File photo: In this Tuesday, 2 May 2017, picture, Verizon corporate signage is fixed at a shop in Manhattan’s Midtown area, in New York. (AP Photo/Bebeto Matthews) (Copyright 2017, The Associated Press. All rights reserved.)
(Copyright 2017, The Associated Press. All rights reserved.)
Verizon is scaling back a program that may be exposing mobile phone location data of millions of customers, without their consent; AT&T has pledged to do the same.
The move comes after the prison company Securus Technologies was found to be using the data to let the police look up cell phone locations without a warrant. Last month, Sen. Ron Wyden of Oregon sent letters to all four major U.S. wireless carriers, demanding answers about the why of the sensitive data in the hands of a third party.
In response, Verizon is cracking down on the partners, making the abuse by the end of the data-sharing agreements with two companies, LocationSmart, and Zumigo, that are specialized in the processing of the location information of mobile carriers and allow business customers to access.
“Our review of our location aggregator program has led to a number of internal questions about how best to protect our customers” location information,” Verizon told Wyden in a 15 June letter.
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According to the letter, Securus was among the 75 corporate customers with access to Verizon customer data of both LocationSmart or Zumigo. The partnerships can provide power services such as fraud prevention, emergency roadside assistance, and marketing offers, that are dependent on knowing a customer’s residence. However, the location sharing should only take place with a client.
This was not happening in the case of Securus, which is the data of LocationSmart. After a study, Verizon pulled the plug on the prison technology company with access to sensitive information.
Last Friday, AT&T and T-Mobile also told Wyden’s office, that they cut off location access to Securus, but, with the exception of the termination of their data-sharing agreements with LocationSmart, and Zumigo. Sprint letter to Wyden did not explicitly mention an action against Securus or by third parties.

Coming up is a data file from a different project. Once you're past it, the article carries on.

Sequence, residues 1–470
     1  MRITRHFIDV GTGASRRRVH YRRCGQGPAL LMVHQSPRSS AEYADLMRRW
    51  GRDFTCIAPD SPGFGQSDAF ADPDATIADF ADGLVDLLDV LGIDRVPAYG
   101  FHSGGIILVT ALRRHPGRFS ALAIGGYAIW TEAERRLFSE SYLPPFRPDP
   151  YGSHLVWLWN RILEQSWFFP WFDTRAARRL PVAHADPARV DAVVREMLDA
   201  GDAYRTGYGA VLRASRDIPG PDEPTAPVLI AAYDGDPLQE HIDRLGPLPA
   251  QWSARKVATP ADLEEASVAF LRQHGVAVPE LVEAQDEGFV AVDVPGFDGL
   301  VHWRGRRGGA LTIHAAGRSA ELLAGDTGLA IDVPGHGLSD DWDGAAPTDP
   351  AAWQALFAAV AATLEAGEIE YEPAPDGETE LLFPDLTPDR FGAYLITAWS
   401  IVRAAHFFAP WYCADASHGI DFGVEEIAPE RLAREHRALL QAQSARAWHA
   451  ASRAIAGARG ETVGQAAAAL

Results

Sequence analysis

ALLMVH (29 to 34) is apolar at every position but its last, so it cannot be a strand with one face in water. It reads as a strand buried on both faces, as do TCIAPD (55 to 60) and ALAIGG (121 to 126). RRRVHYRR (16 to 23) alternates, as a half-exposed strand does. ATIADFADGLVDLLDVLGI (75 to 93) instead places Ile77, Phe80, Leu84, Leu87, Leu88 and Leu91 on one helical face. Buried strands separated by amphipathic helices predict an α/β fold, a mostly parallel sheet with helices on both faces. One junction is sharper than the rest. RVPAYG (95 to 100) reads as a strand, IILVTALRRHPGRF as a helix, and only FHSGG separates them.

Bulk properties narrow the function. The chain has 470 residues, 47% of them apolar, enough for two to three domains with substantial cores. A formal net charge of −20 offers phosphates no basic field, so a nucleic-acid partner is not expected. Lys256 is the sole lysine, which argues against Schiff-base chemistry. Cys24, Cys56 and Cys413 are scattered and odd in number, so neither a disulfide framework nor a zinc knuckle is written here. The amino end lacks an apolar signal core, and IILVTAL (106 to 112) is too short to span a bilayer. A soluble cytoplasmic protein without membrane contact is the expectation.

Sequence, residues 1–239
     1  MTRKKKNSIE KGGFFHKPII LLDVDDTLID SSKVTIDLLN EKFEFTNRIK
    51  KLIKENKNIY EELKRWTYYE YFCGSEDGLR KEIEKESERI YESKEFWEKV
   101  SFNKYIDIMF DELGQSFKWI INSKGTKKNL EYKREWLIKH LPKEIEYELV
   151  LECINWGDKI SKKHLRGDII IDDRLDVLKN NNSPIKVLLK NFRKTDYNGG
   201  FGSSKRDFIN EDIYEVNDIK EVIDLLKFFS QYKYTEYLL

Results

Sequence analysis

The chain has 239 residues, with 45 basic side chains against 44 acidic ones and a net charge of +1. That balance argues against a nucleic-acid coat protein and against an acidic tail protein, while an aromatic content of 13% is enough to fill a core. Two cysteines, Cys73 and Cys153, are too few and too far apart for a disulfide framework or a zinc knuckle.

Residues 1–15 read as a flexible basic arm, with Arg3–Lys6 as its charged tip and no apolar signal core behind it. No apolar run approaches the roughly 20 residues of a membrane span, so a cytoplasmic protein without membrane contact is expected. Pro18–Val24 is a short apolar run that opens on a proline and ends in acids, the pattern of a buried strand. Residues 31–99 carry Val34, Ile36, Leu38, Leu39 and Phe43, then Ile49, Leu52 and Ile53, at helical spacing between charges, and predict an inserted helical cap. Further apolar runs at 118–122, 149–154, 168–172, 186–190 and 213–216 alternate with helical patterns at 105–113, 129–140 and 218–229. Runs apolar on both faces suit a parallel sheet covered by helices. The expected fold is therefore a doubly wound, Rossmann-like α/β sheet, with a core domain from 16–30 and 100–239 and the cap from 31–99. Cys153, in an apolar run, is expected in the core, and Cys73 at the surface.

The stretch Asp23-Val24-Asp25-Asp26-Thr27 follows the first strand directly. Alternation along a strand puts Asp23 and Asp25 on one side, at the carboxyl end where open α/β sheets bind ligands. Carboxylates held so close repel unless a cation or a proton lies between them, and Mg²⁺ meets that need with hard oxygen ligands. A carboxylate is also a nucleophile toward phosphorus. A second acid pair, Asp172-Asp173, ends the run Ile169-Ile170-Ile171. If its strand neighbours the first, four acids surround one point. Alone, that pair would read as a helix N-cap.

“Verizon deserves credit for taking quick action to protect the privacy and security,” Wyden said in a statement on Tuesday. “In contrast, AT&T, T-Mobile and Sprint seem content to continue to sell their customers’ private information to these shady middle men, Americans’ privacy be damned.”
The hard statement seems to have gotten of AT&T’s attention. On Tuesday, the carrier told PCMag it was the winding down of the partnerships with third-party data aggregator companies. However, AT&T and Verizon say the process will take time. The two carriers would still be in power “favourable” location-based services, such as the bank fraud prevention and call routing.
“Our first priority is to protect our customers’ information, and, in the end, we will be ending our work with aggregators for these services as soon as practicable in a way that preserves important, potentially life-saving services such as emergency roadside assistance,” AT&T told PCMag in a statement.
T-Mobile, on the other hand, told Wyden that the appropriate security measures to prevent abuse. “To the extent that a firm deviates from the protocol, T-Mobile, will take action, as it did with Securus,” the carrier said in his letter to Wyden.
Sprint told PCMag the company is still investigating the matter, but suspended all services with LocationSmart on 25 May.
On Tuesday, a LocationSmart spokesman responded on the review of the business, saying: “There is a lot of wild, misleading information published about this situation,” and includes a link to a FAQ about the company. However, as far LocationSmart not yet responded to questions about why it was that Securus Technologies to make use of the data for the warrant-less police searches.
Last month, LocationSmart was also found accidentally exposing the location of the data online. A company-made demo contained a software bug that someone search real-time mobile phone locations of millions of devices.
This article originally appeared on PCMag.com.